Two weeks and three days after breaking his arm during a game, Lionel Messi will dress for Barcelona in Tuesday’s Champions League game.
He hasn’t been “medically cleared” to participate, according to his club, but one assumes that at Barcelona there are three ways of doing things: The right way, the even better way and the Lionel Messi way. So despite the brevity of the layoff, he’ll play if he wants to play.
Conspiracy theorists in the Spanish media have suggested Messi may want to make one last impression before FIFA World Player of the Year voting closes on Friday.
Unless he or she suffers from some form of amnesia, it is difficult to imagine any professional soccer observer letting Messi, 31, slip their mind.
In fact, Messi’s absence has had the opposite effect. It’s made him more remarkable and – this once felt impossible – more indispensable. Where does soccer go after him?
Someone put the question to Napoli manager Carlo Ancelotti the other day. Based on his employment history, Ancelotti may be the most plugged-in man in the game. He’s won the league in four different countries with nine teams over a quarter century. He has no discernible style, as such, but a long streak of cunning that has allowed him to roll with changes. He is so much out of time that he always seems right in the middle of it.
So when Ancelotti says Paris Saint-Germain and France forward Kylian Mbappé is the next great one, you mark it down.
“[Mbappé] is a credible candidate to take the place of these champions [Messi and Cristiano Ronaldo] who win all the trophies,” Ancelotti said.
(Ancelotti also name-checked Neymar, but after his widely lampooned play-acting at this past summer’s World Cup, the Brazilian may some day be just as great, but he will never be anywhere close to as loved.)
Mbappé, 19, is a different sort. Like Messi, he appears to have been designed by some celestial marketing department – born to be famous and adored.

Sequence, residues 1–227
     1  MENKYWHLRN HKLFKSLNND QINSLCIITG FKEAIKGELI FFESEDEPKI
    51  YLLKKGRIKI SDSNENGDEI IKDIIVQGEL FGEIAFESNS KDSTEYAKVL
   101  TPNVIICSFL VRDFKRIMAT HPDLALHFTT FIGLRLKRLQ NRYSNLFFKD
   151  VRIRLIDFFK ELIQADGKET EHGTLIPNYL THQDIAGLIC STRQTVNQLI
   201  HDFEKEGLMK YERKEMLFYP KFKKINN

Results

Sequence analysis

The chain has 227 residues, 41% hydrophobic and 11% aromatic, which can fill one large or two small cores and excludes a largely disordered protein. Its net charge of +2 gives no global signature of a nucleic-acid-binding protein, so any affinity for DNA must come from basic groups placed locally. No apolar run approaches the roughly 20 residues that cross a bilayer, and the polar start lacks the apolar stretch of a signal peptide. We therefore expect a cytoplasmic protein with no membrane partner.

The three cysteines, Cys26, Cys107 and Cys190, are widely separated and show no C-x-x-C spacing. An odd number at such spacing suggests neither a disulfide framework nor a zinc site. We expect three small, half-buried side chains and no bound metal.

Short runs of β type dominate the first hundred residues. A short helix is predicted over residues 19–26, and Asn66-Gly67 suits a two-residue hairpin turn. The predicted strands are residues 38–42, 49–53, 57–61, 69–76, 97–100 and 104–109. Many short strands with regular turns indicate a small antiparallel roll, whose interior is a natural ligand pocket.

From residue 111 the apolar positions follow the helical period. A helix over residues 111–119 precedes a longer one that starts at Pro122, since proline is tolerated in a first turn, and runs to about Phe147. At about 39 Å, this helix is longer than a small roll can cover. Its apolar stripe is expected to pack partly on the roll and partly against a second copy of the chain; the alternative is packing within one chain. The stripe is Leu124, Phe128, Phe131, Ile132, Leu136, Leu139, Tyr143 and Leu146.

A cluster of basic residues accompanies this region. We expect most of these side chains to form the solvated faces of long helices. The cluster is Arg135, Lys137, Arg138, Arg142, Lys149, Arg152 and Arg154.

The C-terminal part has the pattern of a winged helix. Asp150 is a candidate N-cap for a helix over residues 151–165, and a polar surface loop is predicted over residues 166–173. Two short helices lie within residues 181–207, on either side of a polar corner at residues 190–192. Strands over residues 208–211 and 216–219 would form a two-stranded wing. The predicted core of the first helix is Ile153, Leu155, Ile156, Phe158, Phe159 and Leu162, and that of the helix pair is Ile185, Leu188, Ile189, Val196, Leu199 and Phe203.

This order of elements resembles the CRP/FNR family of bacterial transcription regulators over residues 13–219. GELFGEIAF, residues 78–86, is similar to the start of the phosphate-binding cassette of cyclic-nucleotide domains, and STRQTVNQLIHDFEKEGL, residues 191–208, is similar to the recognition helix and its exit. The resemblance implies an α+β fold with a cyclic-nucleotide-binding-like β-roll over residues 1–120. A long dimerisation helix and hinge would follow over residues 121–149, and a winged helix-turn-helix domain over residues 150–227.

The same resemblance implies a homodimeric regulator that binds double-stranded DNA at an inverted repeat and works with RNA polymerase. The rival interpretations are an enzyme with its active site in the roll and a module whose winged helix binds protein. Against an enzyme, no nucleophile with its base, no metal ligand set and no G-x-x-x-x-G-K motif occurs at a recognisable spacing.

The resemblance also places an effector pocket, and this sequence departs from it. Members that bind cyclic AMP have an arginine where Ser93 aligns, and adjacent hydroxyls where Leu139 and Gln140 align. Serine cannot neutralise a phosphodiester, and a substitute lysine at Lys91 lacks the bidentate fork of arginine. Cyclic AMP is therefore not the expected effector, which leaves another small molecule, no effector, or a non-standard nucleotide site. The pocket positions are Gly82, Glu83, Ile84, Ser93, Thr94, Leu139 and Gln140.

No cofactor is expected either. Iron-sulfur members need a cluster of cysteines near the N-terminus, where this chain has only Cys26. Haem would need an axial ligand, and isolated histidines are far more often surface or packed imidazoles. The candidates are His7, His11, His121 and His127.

Like Messi, he was a childhood prodigy. Like Messi, he was identified as the next big thing in his early teens. And like Messi, he was making an impact on the world stage before he was old enough to vote.
Mbappé was the standout star of the World Cup. Now that the professional season has begun, he’s been ever better.
It is difficult to make like-for-like comparisons in France’s Ligue 1 because PSG’s Qatari-backed funding tips the scales so far in their favour.
But taking that into account, Mbappé has been ridiculous – 11 goals in eight league games (two fewer than he had all of last season) and a couple more in the Champions League. He was benched for a recent game because he’d shown up late to a team meeting. Three minutes after being subbed on in the second half, Mbappé scored the game winner.
He has that glow about him – that he can do whatever he likes on the field.
Of course, this was the thing that defined Messi. There was the constant sense that he was just about to do something incredible, even while he wasn’t doing very much at all.
He’s still got that. The soccer metrics site, WhoScored, rates Messi as Europe’s (and therefore, the world’s) best player this season. His speed hasn’t diminished, as it does for so many other forward players when they enter their 30s. If possible, he looks even fitter than ever.
He still plays on the best team in the world. He is still surrounded by the finest talent on a roster that is eerily harmonious at all times.
Every once in a while, you will tune in to a Barcelona game, remark on someone you hadn’t heard of before (this year, its been 22-year-old midfielder Arthur Melo) and think, “Well, he looks like just about the best player alive.”
Messi’s company has that effect. It turns very-good-to-great players into legends. His ability to stitch together overlapping generations of Barcelona talent into a monolithic, nearly unbeatable collective may in the end be his finest legacy.
That’s why people – even those who don’t care all that much about soccer – get a little panicked whenever he leaves for a while. Even a dabbler realizes that watching Messi and Barcelona over the past 10 or 12 years has been a once-in-a-lifetime experience. We may see his like again – athletes in every discipline are only getting better, and always will be – but we never will on a team like Barcelona.
It is the whole that makes Messi’s individual part so appealing.
In terms of any coronation to come, there’s only one satisfactory way to make the inevitable transition. Mbappé has to play for Barcelona.
There will probably be a spot opening up on the roster. Barcelona’s deep investment in Mbappé's French colleague, Ousmane Dembélé, hasn’t worked out. Were Dembélé sold on to another super-club, he would net a nice down payment on Mbappé.
He cost PSG $268-million a year ago. Given his potential (to sell replica jerseys), Mbappé might now be the world’s first half-billion dollar player.
Barcelona is one of very few who could afford it. I would go so far as to say they can’t afford not to do it.
Because even worse than the idea of Messi fading away is the vision that he might do so in a way that wasn’t fitting. Deciding when he will hand off the mantle, and then being able to do so to a teammate, would be, like everything else Messi does, too perfect.